JOINT BASE LEWIS-MCCHORD, Wash. (5/12/2012) – Soldiers moved swiftly after the first round shot through the smoky area in preparation for the next.
A soldier assigned to Battery A, 1st Battalion, 377th Field Artillery Regiment, 17th Fires Brigade loads a round into the chamber for an M777 Howitzer May 3, 2012 during training at Joint Base Lewis-McChord, Wash. The unit participated in a two-day field training exercise in which they got a chance to sharpen their skills on the weapon system. Photo by Army Staff Sgt. Antwaun Parrish
Private 1st Class Brian Deverey has always wanted to be an artilleryman even before he joined the Army, and he gets pumped up every time he touches the weapon.
“Shooting this weapon reminds me of playing football,” said Deverey, a native of Overland Park, Kan. “Just as the excitement builds at a game before the touchdown, that's how I feel before the big boom!”
Deverey, along with Soldiers assigned to Battery A, 1st Battalion, 377th Field Artillery Regiment, 17th Fires Brigade conducted training on the M777 Howitzer, at Joint Base Lewis-McChord, May 3rd and 4th.
Morale was high for this close-knit group of soldiers as they sang several songs while waiting to fire the weapon system including, Journey's “Don't Stop Believing.”
“Singing songs help us get the adrenaline pumping,” said Deverey.
The group of 10 Soldiers consisted of several ranks; amongst the group was the crew's chief Staff Sgt. Michael Ogburn. He provides guidance to the crew and ensures the accuracy and precision of each round fired.
“I have to know each position of the gun in order to guide the soldiers,” said Ogburn, a native of Atlanta.
Ogburn explained the integration process for new Soldiers who arrive to the unit from advanced individual training, and the feeling he gets knowing that he is training future leaders.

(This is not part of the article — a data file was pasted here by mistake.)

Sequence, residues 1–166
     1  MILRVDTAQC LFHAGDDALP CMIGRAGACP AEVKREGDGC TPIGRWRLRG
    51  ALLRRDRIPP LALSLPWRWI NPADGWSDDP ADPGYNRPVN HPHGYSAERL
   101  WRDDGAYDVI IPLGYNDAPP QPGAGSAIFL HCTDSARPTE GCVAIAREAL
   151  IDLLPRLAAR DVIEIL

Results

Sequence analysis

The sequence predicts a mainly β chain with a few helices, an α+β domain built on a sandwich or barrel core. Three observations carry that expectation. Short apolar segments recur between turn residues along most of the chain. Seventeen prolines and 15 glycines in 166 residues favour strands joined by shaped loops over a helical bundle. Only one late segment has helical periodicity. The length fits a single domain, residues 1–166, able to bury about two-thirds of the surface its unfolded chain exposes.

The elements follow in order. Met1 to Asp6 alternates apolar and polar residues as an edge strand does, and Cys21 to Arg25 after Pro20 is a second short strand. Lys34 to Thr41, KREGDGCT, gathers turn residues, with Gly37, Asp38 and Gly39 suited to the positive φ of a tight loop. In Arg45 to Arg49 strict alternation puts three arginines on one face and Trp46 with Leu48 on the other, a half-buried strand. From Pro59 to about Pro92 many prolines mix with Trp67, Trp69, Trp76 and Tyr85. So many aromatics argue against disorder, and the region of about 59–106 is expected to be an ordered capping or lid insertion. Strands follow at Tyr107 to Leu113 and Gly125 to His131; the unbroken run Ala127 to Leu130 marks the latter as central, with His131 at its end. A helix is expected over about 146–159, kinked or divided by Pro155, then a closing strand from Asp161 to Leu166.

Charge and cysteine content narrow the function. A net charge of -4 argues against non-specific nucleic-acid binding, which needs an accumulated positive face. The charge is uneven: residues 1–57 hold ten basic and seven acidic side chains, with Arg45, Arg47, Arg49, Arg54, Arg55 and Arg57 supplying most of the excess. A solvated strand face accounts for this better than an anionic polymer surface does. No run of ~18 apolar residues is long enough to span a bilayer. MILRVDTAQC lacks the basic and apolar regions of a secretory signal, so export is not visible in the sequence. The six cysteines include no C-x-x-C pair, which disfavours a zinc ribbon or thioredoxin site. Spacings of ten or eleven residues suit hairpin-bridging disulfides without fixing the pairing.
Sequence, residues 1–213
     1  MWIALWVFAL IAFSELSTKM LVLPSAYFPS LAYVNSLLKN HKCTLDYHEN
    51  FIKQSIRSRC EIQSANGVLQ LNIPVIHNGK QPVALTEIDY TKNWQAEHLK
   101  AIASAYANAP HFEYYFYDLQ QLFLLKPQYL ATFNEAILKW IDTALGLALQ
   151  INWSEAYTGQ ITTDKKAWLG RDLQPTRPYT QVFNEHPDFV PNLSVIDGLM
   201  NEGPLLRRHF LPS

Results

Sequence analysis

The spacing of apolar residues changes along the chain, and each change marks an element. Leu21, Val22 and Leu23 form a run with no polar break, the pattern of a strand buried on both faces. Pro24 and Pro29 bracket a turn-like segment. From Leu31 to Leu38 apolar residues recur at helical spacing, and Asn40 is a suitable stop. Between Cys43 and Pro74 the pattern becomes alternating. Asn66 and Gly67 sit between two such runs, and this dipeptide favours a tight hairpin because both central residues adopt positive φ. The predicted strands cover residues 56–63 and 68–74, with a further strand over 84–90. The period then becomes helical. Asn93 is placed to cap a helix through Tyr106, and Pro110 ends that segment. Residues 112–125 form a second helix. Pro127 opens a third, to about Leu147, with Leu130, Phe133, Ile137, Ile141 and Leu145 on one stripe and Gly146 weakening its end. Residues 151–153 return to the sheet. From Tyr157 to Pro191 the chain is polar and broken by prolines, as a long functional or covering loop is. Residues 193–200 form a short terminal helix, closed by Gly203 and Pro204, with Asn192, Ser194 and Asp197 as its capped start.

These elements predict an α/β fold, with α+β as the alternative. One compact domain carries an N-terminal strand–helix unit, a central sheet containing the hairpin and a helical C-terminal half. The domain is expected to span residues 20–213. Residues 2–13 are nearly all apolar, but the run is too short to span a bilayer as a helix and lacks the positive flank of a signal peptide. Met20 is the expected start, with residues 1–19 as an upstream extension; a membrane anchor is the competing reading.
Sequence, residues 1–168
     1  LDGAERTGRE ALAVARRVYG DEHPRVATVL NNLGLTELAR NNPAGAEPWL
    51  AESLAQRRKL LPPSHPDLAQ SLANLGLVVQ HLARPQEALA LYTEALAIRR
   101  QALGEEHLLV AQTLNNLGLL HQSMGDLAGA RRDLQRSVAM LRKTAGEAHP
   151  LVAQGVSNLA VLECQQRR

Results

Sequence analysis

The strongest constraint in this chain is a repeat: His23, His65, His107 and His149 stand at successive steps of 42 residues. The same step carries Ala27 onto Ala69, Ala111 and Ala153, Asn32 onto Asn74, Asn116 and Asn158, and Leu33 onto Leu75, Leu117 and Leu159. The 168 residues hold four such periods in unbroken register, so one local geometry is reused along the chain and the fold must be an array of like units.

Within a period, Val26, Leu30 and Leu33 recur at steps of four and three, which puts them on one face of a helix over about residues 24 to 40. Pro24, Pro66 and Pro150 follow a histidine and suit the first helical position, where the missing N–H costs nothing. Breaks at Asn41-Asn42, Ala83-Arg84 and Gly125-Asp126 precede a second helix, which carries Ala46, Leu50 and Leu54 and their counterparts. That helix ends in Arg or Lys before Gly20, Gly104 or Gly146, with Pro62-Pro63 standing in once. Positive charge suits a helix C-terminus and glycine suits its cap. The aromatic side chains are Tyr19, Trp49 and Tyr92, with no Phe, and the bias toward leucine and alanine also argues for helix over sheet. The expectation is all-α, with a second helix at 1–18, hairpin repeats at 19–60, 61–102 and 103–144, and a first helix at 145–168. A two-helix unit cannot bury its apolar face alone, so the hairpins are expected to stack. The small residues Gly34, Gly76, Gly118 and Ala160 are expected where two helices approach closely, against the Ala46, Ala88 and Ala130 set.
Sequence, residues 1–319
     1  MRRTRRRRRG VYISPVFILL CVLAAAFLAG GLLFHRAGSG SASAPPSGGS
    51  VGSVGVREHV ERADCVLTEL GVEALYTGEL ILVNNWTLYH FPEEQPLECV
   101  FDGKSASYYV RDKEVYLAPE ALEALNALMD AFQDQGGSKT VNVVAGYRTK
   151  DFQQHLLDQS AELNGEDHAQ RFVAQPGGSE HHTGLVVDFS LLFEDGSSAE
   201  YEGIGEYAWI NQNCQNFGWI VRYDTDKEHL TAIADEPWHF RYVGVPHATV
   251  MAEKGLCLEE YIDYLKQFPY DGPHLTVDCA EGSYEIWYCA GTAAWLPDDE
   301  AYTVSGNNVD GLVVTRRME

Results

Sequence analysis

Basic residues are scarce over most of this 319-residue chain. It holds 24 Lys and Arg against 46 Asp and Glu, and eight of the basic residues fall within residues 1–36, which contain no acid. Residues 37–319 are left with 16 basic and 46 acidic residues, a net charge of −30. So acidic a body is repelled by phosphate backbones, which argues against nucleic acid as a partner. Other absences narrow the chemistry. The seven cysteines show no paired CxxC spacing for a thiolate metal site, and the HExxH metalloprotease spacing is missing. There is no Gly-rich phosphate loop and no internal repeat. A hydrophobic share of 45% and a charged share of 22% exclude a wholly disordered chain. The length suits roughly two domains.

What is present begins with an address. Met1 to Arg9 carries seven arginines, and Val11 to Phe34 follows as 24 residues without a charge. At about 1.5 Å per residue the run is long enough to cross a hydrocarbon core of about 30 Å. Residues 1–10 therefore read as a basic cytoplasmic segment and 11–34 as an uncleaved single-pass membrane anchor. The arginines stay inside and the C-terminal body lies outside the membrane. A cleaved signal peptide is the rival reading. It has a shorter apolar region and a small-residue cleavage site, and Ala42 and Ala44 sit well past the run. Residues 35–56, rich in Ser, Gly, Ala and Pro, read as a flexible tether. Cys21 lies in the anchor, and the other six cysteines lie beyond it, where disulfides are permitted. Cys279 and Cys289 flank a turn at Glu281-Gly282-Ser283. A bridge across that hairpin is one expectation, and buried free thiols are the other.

“When the new soldiers arrive to the unit, my job is to refresh their skills of what they learn in school and to teach them the unit's standards to support the mission,” said Ogburn a former infantryman. “I feel confident that I can provide my Soldiers the right information to one day take my place and successfully train their soldiers.”
Unlike Deverey, Pvt. Douglas Newlon didn't always want to be an artilleryman. But since going to school and being a part of the regiment, he has learned the importance of his job and now shares the same enthusiasm.
“When I was in AIT, a lot of the things that I learned weren't as clear as they are now,” said the Summersville, W. Va. native. “I'm not trying to pass a course here; I am doing my job, so the environment is not as stressful.”
Artillery rounds travel far distances, so everything has to be set exact for where each round will land. Before each round is fired, Ogburn checks the gunner sights (much like binoculars which are used to measure distance) to ensure the accuracy of his Soldiers.
Newlon explained that even though he learned how to use the gunner sight in school he was still unsure. But since being under the guidance of Ogburn, he is now confident enough to use the equipmet.
Newlon appreciates the fact that he works alongside veterans in his field who are competent and helpful.
“Its an amazing feeling when I pick up effective tips from the seniors, no matter how big or small,” said Newlon.
The soldiers fired lots of ammunition during the training continuing to enhance their unit's mission capability.
Artillerymen are also known as red legs a name that was given to them during the Civil War because they wore red stripes down the legs of their uniform pants. For new red legs such as Deverey and Newlon, having confident leaders to follow help keeps the pride of artillery flowing throughout the crew. Newlon made sure to end with a slogan that keeps him going each day.
“Red legs, always!”
By Army Staff Sgt. Antwaun Parrish
Provided through DVIDS
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